The source for this info (and an interesting document in it's own right) is this pdf file:

--Redrob 23:00, 10 Jun 2005 (UTC)

Right... and it copies entire sentences from our Wikipedia SCART article. I know it copies because I wrote them originally. But it does improve the content.

Remember the rules kids - once something is cited in an official or third party printed document or online PDF, it's officially true. Even if it came from Wikipedia in the first place because the author was feeling lazy. Therefore we can now quote the original text back into the article as cited material instead. Logical and ontological paradoxes? Hah! We spit at them. (talk) 18:18, 24 October 2008 (UTC)

The speculation section[edit]

The speculation section at the end of the article does not conform to NPOV or standard formating for Wikipedia articles. The italicized comments at the beginning are NPOV. Arguments for and against this speculation can be presented but should be sourced. Evidence said to discount this speculation can be presented but only in a NPOV manor in which the article does not appear to take sides. --Cab88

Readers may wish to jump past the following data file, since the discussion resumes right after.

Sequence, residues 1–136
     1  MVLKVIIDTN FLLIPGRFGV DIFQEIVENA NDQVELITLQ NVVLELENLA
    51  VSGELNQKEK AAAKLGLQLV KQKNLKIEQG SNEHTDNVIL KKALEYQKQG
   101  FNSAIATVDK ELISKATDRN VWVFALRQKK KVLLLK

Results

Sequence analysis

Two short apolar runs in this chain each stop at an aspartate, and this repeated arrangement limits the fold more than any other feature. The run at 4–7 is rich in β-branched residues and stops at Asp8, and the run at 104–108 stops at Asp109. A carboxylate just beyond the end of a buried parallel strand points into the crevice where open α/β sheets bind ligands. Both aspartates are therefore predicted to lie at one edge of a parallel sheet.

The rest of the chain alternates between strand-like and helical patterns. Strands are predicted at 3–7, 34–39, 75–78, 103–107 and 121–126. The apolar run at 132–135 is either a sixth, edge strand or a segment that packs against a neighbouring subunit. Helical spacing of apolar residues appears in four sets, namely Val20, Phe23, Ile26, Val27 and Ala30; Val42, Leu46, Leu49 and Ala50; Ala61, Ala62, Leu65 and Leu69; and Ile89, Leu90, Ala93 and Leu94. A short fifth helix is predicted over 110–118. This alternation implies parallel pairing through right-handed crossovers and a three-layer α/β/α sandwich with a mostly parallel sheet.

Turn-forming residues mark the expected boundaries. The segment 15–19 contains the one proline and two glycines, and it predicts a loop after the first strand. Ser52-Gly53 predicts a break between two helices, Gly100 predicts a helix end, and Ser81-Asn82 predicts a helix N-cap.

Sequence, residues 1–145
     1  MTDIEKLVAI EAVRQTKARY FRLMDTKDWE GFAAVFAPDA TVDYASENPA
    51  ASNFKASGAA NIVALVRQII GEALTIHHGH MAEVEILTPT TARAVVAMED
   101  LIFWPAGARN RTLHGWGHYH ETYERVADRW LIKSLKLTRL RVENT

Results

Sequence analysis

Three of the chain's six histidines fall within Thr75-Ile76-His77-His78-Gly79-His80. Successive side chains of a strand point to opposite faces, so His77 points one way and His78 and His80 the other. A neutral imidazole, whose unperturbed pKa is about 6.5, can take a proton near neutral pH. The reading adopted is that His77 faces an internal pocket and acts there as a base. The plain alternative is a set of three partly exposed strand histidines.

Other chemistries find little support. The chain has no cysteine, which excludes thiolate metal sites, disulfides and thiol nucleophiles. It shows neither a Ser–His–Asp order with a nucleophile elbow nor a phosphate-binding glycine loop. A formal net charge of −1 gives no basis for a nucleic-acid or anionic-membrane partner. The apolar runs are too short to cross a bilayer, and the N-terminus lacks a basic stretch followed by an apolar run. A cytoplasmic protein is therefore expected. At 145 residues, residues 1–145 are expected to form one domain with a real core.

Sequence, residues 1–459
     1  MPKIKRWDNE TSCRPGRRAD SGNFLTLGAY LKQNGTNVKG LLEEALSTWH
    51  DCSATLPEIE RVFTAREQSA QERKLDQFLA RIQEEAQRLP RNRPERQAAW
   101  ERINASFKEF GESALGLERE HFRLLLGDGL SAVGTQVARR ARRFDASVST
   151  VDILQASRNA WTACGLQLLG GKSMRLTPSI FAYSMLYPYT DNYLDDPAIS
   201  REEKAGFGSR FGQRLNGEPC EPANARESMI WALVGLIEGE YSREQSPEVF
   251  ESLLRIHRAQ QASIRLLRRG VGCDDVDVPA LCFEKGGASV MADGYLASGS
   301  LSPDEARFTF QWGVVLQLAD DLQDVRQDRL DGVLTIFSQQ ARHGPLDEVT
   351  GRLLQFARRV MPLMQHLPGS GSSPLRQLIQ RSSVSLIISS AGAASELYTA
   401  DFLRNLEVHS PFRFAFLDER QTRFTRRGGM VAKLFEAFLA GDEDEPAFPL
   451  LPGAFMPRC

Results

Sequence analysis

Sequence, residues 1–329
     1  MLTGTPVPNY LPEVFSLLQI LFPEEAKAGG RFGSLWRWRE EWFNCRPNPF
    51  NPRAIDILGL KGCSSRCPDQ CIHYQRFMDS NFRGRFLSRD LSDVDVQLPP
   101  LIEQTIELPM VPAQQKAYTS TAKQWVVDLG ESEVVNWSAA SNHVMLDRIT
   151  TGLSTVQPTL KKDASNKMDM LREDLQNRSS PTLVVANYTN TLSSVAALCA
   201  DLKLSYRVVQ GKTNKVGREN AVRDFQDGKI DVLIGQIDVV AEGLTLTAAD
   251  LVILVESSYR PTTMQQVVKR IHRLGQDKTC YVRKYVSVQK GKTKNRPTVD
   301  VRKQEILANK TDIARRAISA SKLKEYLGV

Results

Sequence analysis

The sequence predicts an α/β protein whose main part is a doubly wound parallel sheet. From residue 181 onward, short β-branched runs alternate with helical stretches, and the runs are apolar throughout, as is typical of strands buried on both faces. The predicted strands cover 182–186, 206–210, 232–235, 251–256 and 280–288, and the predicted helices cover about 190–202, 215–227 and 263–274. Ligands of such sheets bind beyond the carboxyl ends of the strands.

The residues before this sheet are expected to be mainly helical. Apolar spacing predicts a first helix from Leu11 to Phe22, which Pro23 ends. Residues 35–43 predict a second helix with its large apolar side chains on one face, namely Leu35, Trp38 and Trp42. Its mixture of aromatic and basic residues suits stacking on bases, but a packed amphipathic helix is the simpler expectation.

I'd remove that section ASAP, its a real mess and adds nothing to the article! EAi 19:10, 14 November 2005 (UTC)

BLOCKED USER: {dark radar} 25 monkies aside --- the error felt like a scart connection, then on research introspection, i noticed the 'locking' capability this had given itself to (lindy) in my introversion i have found scart to be Ulysees-Invention as much as he is can become a 'loch pirate' as-well, scarts were invented as a compromise/comprisory because of the same jaen misfunction of INRI - those that know SPQR at this symbol mysogeny,, scart laymen see loch-like translation, dimmer switch intervention, [o reader grappling],, computers - though do not like locking devices, including lock-break-switiching-circuits, which the internet is going through right now, they tend to like IO definite things, so scarts as they do 'crack',, it is the joystick i can say at this point of intervention that holds the key of a certain resonant symbology to iron out these ruffians... —Preceding unsigned comment added by (talk) 16:16, 24 April 2008 (UTC)